I finally watched The Night of the Hunter(1955). Wow what a movie! Robert Mitchum is fantastic! His role as Rev. Harry Powell has got to be the best I’ve ever seen him. There is something about religion being used in an ironic way that always fascinates me. Lillian Gish was great to. Beautiful cinematography and editing as well. After watching this I really wish that Charles Laughton had directed more movies. 10/10.

I then watched The Thief of Bagdad(1940). I watched the original Douglas Fairbanks Jr. version on TCM not to long ago and loved it. I must say while I personally liked the original better, this version was a lot of fun. Big, grand fantasy adventure with some pretty great special effects for the time. It’s a little hokey at times and most of the cast plays just alright. But dang it it’s a great watch. 8/10.

Finally I watched City Slickers(1991). I love Billy Crystal and he’s hilarious in this funny, yet also pretty dramatic comedy. It has a sweet story with likable characters going through midlife crises. Jack Palance is the standout among the supporting cast. He was so good I swear he was just playing himself. Not every joke lands and some characters lack depth, but it’s still a good movie that I would gladly watch again. 8/10.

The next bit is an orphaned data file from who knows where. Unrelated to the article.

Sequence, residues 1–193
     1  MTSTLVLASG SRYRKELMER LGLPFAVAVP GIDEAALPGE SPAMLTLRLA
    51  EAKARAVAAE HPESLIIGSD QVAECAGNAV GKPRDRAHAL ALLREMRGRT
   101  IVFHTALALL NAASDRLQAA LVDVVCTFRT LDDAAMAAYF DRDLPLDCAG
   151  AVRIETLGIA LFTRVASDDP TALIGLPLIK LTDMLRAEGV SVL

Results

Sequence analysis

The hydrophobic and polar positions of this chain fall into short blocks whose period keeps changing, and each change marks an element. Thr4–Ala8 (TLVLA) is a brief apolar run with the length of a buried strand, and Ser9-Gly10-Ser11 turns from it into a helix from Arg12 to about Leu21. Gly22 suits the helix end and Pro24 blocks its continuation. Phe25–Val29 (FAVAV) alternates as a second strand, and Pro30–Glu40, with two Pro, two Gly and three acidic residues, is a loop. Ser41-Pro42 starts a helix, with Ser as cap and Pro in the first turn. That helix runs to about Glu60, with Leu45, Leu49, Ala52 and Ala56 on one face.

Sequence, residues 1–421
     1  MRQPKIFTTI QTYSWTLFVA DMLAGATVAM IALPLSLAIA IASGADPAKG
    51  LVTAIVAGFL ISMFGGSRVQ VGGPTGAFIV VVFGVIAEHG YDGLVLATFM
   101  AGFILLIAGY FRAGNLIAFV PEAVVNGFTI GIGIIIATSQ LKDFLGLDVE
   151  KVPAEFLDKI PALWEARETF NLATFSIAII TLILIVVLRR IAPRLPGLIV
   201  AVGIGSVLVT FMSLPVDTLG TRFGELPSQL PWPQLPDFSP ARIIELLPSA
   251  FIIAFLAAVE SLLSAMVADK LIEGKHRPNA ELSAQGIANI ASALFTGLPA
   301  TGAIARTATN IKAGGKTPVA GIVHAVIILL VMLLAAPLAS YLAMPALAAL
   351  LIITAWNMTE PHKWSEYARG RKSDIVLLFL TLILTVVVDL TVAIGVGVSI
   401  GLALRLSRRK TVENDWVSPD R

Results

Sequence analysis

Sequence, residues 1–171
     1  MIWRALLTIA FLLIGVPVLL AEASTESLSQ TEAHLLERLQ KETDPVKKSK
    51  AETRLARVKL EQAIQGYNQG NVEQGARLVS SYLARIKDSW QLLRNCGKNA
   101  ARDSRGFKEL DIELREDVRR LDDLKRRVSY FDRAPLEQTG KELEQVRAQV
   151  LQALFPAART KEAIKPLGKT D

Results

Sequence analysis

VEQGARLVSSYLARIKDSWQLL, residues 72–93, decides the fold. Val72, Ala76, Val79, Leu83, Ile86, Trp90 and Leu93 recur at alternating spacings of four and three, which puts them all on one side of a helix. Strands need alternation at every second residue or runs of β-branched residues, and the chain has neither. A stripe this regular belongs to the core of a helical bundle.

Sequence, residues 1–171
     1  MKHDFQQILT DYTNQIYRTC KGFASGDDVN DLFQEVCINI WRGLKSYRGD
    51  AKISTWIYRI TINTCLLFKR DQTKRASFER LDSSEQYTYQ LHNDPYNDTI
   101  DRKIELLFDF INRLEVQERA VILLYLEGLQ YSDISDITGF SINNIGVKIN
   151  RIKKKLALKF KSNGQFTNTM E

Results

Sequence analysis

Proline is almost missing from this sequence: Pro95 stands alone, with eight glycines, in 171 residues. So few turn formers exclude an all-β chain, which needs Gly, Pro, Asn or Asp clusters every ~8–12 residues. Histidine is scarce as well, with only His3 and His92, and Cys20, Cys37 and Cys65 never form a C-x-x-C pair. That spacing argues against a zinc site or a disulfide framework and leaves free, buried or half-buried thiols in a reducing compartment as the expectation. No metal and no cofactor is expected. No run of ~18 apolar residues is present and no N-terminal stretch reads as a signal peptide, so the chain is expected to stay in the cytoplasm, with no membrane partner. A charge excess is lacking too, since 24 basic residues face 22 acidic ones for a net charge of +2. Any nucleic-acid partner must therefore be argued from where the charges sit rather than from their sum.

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22 hours ago, LornaHansonForbes said:

TCM UNDERGROUND was set to repeat the duo of FINAL EXAM and ANOTHER SON OF SAM, only to find out that the rights to FINAL EXAM have been "snapped up" by AMAZON PRIME

Fasten your seat belts.....

Soon everything will be owned by 3 major corporations, knocking out all competitors with no choice but to pay handsomely for whatever we want.

Instead of freaking out, I'm hoping for a new wave of independents who will forge a new, more creative path.

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I forgot to mention that I watched THE THING FROM ANOTHER WORLD (1951) a few days back...